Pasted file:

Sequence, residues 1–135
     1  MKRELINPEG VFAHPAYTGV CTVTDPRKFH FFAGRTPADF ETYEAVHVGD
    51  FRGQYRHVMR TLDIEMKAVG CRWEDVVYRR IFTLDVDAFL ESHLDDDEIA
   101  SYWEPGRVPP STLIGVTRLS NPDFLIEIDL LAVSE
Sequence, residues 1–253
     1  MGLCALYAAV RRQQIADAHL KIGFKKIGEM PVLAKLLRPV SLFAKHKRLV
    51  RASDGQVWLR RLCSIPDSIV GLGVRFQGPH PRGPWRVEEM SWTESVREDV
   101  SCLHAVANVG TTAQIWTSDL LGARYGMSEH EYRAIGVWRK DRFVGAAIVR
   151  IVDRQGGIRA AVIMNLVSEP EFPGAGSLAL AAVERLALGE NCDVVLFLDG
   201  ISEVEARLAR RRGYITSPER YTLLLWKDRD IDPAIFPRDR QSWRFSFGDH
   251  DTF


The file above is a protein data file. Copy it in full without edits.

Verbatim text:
Sequence, residues 1–135
     1  MKRELINPEG VFAHPAYTGV CTVTDPRKFH FFAGRTPADF ETYEAVHVGD
    51  FRGQYRHVMR TLDIEMKAVG CRWEDVVYRR IFTLDVDAFL ESHLDDDEIA
   101  SYWEPGRVPP STLIGVTRLS NPDFLIEIDL LAVSE
Sequence, residues 1–253
     1  MGLCALYAAV RRQQIADAHL KIGFKKIGEM PVLAKLLRPV SLFAKHKRLV
    51  RASDGQVWLR RLCSIPDSIV GLGVRFQGPH PRGPWRVEEM SWTESVREDV
   101  SCLHAVANVG TTAQIWTSDL LGARYGMSEH EYRAIGVWRK DRFVGAAIVR
   151  IVDRQGGIRA AVIMNLVSEP EFPGAGSLAL AAVERLALGE NCDVVLFLDG
   201  ISEVEARLAR RRGYITSPER YTLLLWKDRD IDPAIFPRDR QSWRFSFGDH
   251  DTF